Take the stuff out the boxes and drop them in an in-game store, or have them as DLC, totally fine with that, though the DLC market is starting to get utterly ridiculous now – e.g.paying for an emote, for a solo/co-op game! As a chargeable extra? Really? An emote!
(On that note, Games Workshop really need to police their IP handouts better, to see that damage being done to their franchise and brandname. Extra Credits did a few videos about the company and came to the conclusion they ran into money problems and, following management changes, decided to play the long game, doling out their IPs to anyone with a pulse, on the hope the bad games will be forgotten and the good games will help them recover. I’ve followed the company almost since they began, knew Ian Livingstone to talk to, so that’s nearly over 40 years, and yet now when I see Warhammer I not longer trust it will be a good product.)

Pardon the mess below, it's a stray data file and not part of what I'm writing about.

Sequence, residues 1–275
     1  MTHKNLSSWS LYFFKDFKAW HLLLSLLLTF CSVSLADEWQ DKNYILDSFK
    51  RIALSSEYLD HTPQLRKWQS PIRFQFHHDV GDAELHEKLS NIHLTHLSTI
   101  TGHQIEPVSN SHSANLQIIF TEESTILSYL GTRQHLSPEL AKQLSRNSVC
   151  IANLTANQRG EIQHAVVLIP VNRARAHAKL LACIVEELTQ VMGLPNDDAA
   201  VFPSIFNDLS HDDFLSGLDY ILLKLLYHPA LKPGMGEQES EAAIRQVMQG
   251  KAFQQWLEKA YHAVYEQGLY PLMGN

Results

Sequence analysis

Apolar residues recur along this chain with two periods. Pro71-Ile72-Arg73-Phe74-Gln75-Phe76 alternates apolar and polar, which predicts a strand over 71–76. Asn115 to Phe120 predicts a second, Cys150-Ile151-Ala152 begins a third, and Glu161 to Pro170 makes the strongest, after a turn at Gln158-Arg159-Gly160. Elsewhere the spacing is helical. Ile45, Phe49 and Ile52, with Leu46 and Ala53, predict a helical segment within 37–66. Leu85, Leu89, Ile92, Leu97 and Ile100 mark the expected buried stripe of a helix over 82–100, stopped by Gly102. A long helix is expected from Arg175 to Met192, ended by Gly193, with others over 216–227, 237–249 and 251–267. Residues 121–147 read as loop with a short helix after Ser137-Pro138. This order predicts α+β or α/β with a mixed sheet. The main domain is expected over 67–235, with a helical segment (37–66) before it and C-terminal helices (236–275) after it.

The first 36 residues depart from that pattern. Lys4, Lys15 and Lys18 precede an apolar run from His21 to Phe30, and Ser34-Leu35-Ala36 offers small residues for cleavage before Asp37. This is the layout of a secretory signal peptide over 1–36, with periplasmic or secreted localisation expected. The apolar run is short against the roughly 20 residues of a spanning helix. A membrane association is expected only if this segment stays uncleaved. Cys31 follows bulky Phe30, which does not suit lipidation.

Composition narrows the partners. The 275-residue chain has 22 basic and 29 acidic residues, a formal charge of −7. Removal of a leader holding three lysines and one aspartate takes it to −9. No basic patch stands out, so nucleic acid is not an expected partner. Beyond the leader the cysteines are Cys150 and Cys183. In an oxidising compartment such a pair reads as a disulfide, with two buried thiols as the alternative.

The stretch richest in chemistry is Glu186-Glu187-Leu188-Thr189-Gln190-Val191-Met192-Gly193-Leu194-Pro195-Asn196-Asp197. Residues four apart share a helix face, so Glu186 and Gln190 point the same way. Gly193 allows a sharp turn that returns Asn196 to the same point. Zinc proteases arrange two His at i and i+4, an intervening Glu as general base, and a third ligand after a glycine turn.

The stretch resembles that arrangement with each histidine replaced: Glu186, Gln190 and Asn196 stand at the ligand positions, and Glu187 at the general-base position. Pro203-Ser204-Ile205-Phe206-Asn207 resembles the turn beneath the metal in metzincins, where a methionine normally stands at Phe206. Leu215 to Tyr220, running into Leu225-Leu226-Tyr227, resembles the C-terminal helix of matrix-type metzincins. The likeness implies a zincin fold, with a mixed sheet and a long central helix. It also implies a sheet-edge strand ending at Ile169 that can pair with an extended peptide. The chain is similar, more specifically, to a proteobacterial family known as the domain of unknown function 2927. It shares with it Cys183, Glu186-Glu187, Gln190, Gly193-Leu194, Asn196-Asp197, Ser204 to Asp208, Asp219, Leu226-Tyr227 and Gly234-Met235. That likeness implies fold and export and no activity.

The game in question (Chaosbane) looks like a Diablo clone and is currently has overall negative reviews and has been reduced from £40 to £14 (excluding DLCs), and I still won’t touch it, because anything that needs to sell an /emote to make a quid is garbage.
Other games – like Warcraft – sell vanity pets, vanity mounts, etc, and sell gold to buy BoE gear (etc) to ‘pay to win’. OK with that too.
(If you play WoW, note I do not agree with the Black Market loot boxes mind, those are mental.)
Buying a $20 box to get a 1% chance for “this item” to drop though? No, that is a chance, you are spending money GAMBLING that you’ll PAY to the right reward. You wouldn’t go into a store and buy your week’s groceries like that, would you! Paying for a chance for a better reward IS gambling. QED, Loot boxes are gambling and should be removed.
One of the reasons loot boxes work (for the developers) is people tend not to understand chance. It’s not natural to do the maths. Let’s return to our £20 box: 1% chance, so statistically, buy 100 boxes, it will drop. Agreed?